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Mike Leigh Calls Tarantino’s Fight to Save Celluloid “Bollocks”

Mike Leigh Calls Tarantino's Fight to Save Celluloid "Bollocks"

Notoriously honest filmmaker Mike Leigh, whose J.M.W. Turner biopic is now in theaters and contending mainly for crafts Oscars, spoke candidly about dogged celluloid defender Quentin Tarantino in a recent interview with The Star.

Tarantino, currently at work on his beleaguered Western “Hateful Eight,” has publicly decried digital film as “the death of cinema,” and turning his newly commandeered New Beverly in Los Angeles into a bastion for 35mm films.

So what does unapologetically frank, Brit auteur Mike Leigh, who also recently aired grievances about filmmaking in The Hollywood Reporter’s Directors roundtable, have to say? “That’s bollocks.”

“It’s a ludicrous statement,” Leigh said of Tarantino’s outspoken remarks, “because apart from anything else, it’s a backward-looking statement that is irresponsible. I remember a time in the late ’70s when people said, ‘Cinema is over.’ There are young filmmakers doing all sorts of fantastic things and part of the reason that’s possible is the democratization of the medium because of a new technology, so (Tarantino’s fight) is twaddle.”

READ MORE: The Genius of Mike Leigh’s System: Leigh and Cast on Gorgeous “Mr. Turner”

At the American Film Market in November 2014, Tarantino promised buyers that “Hateful Eight” would be a “70mm event… I’m hoping it’s going to stop the momentum of the digital stuff, and that people will hopefully go, ‘Man, that is going to the movies, and that is worth saving, and we need to see more of that.”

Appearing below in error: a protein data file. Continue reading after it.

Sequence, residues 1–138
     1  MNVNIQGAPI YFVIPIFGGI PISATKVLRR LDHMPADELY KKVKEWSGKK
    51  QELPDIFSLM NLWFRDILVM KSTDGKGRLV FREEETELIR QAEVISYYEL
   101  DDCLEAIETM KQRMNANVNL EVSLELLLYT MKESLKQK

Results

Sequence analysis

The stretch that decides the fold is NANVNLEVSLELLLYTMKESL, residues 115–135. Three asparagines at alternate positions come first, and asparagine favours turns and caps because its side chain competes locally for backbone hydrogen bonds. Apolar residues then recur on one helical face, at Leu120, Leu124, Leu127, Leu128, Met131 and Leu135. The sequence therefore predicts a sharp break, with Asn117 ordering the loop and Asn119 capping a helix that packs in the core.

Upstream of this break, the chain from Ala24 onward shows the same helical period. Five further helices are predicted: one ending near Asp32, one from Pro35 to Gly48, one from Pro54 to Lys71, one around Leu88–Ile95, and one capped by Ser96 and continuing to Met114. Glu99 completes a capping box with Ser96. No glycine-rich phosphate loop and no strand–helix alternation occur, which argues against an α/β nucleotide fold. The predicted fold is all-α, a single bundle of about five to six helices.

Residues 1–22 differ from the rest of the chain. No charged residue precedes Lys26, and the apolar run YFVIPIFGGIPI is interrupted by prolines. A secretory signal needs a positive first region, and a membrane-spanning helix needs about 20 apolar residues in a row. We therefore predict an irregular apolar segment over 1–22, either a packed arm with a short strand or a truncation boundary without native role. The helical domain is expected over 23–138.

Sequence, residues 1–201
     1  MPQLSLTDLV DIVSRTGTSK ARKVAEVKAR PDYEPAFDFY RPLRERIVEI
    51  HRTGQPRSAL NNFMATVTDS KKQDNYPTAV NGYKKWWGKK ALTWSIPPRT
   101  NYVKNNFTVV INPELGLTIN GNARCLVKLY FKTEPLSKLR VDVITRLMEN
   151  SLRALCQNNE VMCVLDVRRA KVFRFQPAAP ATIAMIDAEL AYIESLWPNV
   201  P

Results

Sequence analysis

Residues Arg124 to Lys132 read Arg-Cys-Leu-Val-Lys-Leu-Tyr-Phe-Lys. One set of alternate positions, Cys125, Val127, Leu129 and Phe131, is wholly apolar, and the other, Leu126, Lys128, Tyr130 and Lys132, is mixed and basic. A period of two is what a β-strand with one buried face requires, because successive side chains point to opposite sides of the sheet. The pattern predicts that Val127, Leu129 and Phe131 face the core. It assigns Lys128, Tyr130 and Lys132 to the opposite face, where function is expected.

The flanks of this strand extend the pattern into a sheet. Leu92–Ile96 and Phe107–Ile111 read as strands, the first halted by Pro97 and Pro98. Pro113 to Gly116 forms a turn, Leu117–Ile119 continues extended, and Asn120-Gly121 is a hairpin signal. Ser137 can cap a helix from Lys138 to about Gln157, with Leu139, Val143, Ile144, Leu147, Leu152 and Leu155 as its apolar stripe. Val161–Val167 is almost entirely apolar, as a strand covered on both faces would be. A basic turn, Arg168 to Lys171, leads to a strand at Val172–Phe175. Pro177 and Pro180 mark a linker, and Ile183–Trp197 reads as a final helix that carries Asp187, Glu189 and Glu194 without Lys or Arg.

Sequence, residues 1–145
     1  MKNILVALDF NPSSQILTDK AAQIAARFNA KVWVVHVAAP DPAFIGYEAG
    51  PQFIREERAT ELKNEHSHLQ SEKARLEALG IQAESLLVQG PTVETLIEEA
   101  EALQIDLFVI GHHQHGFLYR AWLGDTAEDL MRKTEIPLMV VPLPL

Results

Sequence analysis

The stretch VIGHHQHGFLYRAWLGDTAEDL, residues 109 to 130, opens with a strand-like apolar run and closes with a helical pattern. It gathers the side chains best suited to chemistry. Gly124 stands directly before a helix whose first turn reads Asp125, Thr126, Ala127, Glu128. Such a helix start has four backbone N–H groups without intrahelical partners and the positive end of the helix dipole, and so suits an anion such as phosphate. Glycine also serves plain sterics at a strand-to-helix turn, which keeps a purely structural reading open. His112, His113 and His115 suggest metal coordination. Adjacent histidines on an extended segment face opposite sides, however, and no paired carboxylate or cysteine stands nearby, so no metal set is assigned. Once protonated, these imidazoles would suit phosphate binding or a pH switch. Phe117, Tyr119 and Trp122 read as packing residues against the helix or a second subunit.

From his cult classic “Naked” to success d’estime and Oscar nominee “Secrets & Lies” and more, Leigh has long advocated (and preferred to use) celluloid as his canvas. But, along with cinematographer Dick Pope, he chose to shoot the gloriously beautiful, celluloid-seeming “Mr. Turner” digitally. More on that, in our interview below.

READ MORE: How Cinematographer Dick Pope Shot “Mr. Turner”: Straight Up Digitally

Leigh, 71, is not the only director of late to query Tarantino’s radical manifesto. In our recent video interview with Martin Scorsese at the Toronto International Film Festival, we asked the director what he thought of Tarantino’s radical decision: “It’s just a last stand. However, I grew up with film. I love film, celluloid, and I shot ‘Wolf of Wall Street’ on film. The problem is that technology is going by, but it doesn’t mean we can’t use the old one if we keep the labs going for awhile. Because one of the most important things about celluloid is that it’s the best medium for preservation.”

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